Dyed concrete entices Seoul’s dotcommers
Latest creation from Mass Studies aims to spark migration from the city to a picturesque island off the mainland
Even casual phaidon.com readers will know how interested we are in concrete. The material is a delight in its natural form, but it takes colour well too, in the right circumstances. And for a concrete office building on an island off South Korea, local architects [Mass Studies](ean based architecture firm that was founded in 2003 by minsuk cho in seoul. the studio recently finished the design of shop for fashion retailer ann demeulemeester. the building consists of four levels, the shop, a multi-store and restaurant on the top floors. the project's facade is made from a geo-textile planted with herbaceous perennials to form a living wall. the greenery is carried into the shop, incorporating nature whenever possible. the studio focuses on issues involving density and living in urban korean areas. the sh) dyed it ochre inside and out. The idea was that the warm colouring would make the building inviting, and would pick up the hues of the island’s volcanic landscape.
Mass Studies, led by Minsuk Cho, have been reliably innovative for some time now, (it recently covered the exterior and interior walls of a shop for fashion house Ann Demeulemeester with turf) and this HQ for local internet company Daum Communications is no exception.
The location is the island of Jeju, which hopes to become the country’s own Silicon Valley. Daum wants to relocate a quarter of its 1,500-strong workforce from Seoul to Jeju – once a destination for honeymooners – to help cut down their commute time of three hours a day.
So rather than give them a conventional office tower, Mass did something more in tune with the staff’s more rural surroundings: five-storeys of gently curving modules with floor-to-ceiling glazing framed by that pinkish concrete.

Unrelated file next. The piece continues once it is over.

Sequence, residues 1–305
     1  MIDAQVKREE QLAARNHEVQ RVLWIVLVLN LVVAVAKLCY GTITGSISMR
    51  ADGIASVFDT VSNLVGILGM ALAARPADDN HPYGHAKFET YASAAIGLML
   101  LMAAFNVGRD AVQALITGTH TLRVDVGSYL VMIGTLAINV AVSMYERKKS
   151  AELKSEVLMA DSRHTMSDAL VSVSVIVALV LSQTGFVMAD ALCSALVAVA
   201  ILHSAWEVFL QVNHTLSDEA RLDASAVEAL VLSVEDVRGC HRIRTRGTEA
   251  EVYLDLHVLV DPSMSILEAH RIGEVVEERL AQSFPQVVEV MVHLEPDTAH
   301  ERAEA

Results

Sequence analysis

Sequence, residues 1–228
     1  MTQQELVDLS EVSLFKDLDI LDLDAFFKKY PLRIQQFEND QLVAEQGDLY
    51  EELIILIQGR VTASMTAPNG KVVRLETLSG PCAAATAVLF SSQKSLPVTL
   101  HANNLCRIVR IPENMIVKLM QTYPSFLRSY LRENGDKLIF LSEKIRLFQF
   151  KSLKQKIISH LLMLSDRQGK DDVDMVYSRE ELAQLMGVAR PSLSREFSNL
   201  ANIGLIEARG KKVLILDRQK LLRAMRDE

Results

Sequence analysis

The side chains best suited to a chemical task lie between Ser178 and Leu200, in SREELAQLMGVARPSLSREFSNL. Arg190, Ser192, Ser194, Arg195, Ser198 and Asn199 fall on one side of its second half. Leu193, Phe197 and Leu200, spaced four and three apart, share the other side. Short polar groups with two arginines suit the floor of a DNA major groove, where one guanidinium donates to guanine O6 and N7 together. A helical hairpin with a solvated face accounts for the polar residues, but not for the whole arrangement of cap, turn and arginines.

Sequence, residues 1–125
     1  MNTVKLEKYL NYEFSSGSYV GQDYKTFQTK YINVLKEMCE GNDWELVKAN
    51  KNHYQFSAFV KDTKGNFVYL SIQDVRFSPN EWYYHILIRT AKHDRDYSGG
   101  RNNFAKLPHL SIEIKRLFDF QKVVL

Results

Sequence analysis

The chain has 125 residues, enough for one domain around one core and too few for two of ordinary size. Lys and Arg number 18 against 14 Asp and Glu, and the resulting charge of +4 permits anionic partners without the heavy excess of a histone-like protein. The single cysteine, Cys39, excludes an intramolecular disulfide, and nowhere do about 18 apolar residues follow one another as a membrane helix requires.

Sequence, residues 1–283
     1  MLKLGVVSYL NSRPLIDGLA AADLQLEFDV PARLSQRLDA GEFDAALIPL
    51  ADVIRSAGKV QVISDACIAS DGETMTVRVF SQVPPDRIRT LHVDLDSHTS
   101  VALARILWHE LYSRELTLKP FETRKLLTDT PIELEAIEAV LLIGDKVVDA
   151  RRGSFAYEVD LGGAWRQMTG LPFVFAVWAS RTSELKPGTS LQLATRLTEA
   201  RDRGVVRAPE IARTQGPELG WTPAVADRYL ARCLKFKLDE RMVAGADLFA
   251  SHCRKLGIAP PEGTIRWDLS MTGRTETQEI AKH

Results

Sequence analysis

“We weren’t interested in building a high-rise,” says Cho. “The company wanted something that was only possible here and not in Seoul, to entice employees who were hesitant to move. Also, we realised that high-rise offices aren’t interesting socially. They can often be suffocating, with their big curtain wall and artificial ventilation; you spend most of your time there, but there’s no spatial quality.”
Cho also wanted Daum’s brave venture to be an antidote to the latest novelty workplace interiors, so popular with dotcoms. So there’s not a single slide or swing or bit of in-door turf in sight. Instead, the interior walls are pure smooth concrete with not a single decoration. To describe it as refreshing is an understatement.
“We looked at the Google and Facebook headquarters,” says Cho. “These are offices where the architecture virtually disappears. They have these funny rooms and novelty things like slides, but often they don’t consider the architectural quality at all.”
Mass drew its inspiration, instead, from the old classics like John Soane’s Bank of England, Herman Hertzberger’s Centraal Beheer and Frank Lloyd Wright’s Johnson Wax building.
If it works, and Daum entices enough of its employees out of the populous capital and over to tranquil Jeju, then it has significant ramifications for Seoul and even South Korea’s society, Cho believes. “I think it will be an important part of Korean history, this reverse migration,” says Cho. “It’s a very brave move, and it sounds almost anti-urbanistic, but it’s important to understand it in the context of Korea. It’s not just a practical issue,” he adds, “it also contributes to Korea’s long problem with centralisation. It is a social experiment.”
Naturally you can see some more innovative and interesting concrete buildings and structures in our book of that name.